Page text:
Chris Mocko is a name amongst a growing list of elite trail runners who turned to ultras after a background in competitive track and road running. Having been a walk-on at Stanford University and having taken marathoning quite seriously after college, Chris is no stranger to hard work. His many years in the sport are evident when he races, as he exudes a sense of patience and calmness that one gains through years of experience.
Where Chris really stands out, though, is through his infectious attitude. In witnessing Chris at both of his last two races, I never saw him without a smile on his face, and he was likely shouting something to his family or peers that lightened the mood of the ever-intensifying aura of the trail scene.
Chris has a long list of ultras to his name, breaking into the sport in an impressive fashion. In 2016, Mocko snagged a notable 7th place finish at Western States. While he flaunts a funny and lighthearted attitude towards the sport (and life, generally - have you seen The Mocko Show?), runners don’t place 7th at Western States without a certain level of seriousness and competitive drive.
I first saw Mocko race not too long ago, at a small Aravaipa race in Phoenix called the Pass Mountain 50k. Chris popped up to the front of the starting line at the very last minute, sharing laughs and high-fives with his fellow racers. The race had a bit of extra competition this year, as some locals who were scheduled to do the TNF 50 Mile Championships needed to unleash their training elsewhere, once TNF was cancelled due to the California wildfires.
After the start, I saw the front of the race at about 8 miles, and they were cruising. Chris was in 3rd, a few minutes behind first. He yells to his parents, “I told you the course record would be crushed!” I saw him again with about 8 miles to go, and he had moved into 2nd, still a couple minutes behind 1st, who was still looking strong. Mocko continued nonchalantly chatting with his parents during the race, asking for information on 1st place, but was clearly now in hunt mode, gaining momentum in the second half of the course.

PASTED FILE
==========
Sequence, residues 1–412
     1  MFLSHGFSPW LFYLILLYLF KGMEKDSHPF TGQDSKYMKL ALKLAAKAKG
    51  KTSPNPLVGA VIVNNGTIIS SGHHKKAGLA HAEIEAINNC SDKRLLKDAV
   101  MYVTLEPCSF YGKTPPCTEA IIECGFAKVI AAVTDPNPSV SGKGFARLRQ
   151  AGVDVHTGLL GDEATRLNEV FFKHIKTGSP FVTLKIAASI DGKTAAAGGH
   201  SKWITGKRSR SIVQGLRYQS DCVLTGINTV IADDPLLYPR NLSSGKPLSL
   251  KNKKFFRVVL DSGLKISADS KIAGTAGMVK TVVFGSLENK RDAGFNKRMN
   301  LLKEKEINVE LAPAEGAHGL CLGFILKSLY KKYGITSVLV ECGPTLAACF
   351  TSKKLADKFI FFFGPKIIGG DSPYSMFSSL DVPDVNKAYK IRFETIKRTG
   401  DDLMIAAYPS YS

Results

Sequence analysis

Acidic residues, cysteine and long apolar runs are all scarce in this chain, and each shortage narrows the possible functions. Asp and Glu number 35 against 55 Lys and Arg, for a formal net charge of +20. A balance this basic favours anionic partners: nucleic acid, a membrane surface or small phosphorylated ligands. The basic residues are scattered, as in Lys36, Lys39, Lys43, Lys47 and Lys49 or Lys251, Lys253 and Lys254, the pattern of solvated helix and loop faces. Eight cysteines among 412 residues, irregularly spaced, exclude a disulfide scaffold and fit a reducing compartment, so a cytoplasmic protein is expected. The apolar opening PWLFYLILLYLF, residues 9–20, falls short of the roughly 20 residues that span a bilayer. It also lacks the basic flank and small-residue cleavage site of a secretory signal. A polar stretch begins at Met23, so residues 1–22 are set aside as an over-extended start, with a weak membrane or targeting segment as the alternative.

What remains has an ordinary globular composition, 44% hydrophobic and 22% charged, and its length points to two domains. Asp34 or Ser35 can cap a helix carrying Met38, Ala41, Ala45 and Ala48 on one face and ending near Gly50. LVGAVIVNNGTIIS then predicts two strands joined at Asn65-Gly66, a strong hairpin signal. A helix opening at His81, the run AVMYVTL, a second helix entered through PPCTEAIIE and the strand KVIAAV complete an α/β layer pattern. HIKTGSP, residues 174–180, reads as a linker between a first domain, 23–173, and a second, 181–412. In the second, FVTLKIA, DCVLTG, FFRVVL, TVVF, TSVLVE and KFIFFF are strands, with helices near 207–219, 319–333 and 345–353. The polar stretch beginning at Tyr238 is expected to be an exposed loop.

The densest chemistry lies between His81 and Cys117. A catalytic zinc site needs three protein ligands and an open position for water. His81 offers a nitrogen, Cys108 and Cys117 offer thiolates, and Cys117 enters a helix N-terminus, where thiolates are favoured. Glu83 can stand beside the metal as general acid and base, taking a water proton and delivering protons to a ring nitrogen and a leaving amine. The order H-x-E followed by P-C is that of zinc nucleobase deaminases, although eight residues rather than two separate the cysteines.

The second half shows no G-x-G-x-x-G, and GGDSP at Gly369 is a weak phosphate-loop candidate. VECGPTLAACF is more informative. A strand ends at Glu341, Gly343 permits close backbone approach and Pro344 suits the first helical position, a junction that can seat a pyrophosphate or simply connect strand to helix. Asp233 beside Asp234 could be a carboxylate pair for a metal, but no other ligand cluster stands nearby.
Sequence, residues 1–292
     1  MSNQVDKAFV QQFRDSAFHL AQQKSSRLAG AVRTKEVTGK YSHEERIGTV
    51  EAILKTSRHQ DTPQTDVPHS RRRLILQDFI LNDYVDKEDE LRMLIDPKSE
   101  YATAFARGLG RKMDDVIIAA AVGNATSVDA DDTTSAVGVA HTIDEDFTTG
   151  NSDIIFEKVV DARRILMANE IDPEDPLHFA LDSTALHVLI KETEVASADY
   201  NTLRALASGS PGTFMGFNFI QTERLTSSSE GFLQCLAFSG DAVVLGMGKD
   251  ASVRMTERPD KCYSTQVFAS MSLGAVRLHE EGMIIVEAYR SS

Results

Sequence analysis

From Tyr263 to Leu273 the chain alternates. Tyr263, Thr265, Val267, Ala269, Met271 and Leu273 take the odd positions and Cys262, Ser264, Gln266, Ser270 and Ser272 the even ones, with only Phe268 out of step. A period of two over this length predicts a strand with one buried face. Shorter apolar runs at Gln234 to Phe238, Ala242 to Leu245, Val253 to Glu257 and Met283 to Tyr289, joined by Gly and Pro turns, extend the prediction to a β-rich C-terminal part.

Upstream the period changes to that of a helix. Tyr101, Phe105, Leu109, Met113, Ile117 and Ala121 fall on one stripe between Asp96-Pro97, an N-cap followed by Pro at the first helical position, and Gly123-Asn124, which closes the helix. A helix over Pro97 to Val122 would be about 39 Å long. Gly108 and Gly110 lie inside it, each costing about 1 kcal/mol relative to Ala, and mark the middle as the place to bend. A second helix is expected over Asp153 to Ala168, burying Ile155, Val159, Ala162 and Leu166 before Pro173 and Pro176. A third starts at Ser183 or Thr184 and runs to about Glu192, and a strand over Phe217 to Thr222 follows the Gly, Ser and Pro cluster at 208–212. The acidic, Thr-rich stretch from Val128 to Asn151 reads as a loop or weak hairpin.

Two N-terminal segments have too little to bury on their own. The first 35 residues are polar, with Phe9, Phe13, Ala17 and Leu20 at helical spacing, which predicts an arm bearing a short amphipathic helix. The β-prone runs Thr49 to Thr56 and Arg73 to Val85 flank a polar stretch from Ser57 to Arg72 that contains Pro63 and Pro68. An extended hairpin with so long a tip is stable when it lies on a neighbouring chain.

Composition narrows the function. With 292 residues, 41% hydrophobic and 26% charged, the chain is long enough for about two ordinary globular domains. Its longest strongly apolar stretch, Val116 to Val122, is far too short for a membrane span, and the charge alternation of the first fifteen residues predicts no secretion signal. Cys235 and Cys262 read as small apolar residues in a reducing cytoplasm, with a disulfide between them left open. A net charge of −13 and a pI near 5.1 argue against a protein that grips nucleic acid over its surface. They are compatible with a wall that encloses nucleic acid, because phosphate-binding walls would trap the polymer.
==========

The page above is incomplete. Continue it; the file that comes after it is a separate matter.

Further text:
I meandered over to the finish line with plenty of time to see the leaders come through. I saw Mocko come around the corner, on pace to handily bury the course record. Sporting his signature ear-to-ear smile, Chris performed his (also signature) limbo-through-the-finish-line-for-first-place move. Stephen Kersh came through in 2nd, not far behind. Mocko snuck up on him with about 2k to go, moving with confidence. Notably, Stephen said to me after the race, “I had some blisters. I should have used Happie Toes.”
I, along with almost 10,000 others, watched Chris’ recap on The Mocko Show after the race. “Not every race is gonna go perfectly, but you can’t get demoralized when one effort doesn’t go the way you expect, there’s always a better effort on the horizon, and you just have to be patient, try to stay positive… stay happy, keep smiling, and you’ll find that mojo again… I hope this is the start of greater things to come in 2019.”
He did have one more race, however, in 2018. Mocko flew to South Africa a couple weeks after Pass Mountain for Ultra-Trail Cape Town. Unfortunately, his mojo was stymied a bit when his luggage didn’t make it to the Southern Hemisphere. A long list of essentials for the race’s mandatory gear check was left in Chicago, but, luckily, a fan of The Mocko Show came through and helped Chris get everything he needed the day before the race (including some SNB! - shoutout to our S. Africa distributor).
During this conundrum, Chris lowered his expectations to more of a just finish the dang thing mentality. While disappointed with a 14th place finish, Chris did indeed finish the dang thing, even after verbally admitting to his fans via mid-race self-taken video footage that he was going to drop out around mile 35. The terrain was more technical than any American runner expected, but that patience and determination helped Mocko keep calm and get to the finish line.
Going into 2019, Mocko has resolved to make some changes. After departing from the tech world (he left his job at Twitter last month), he plans to fully commit to running, this time with no intention to return to that 9-5 life. Chris’ most lofty goals for himself re: this “running” thing are to get a girlfriend and win Western States, in that order. We can’t wait to see what you accomplish, Chris!
Photos courtesy of Stephen Kersh & Sarah Cotton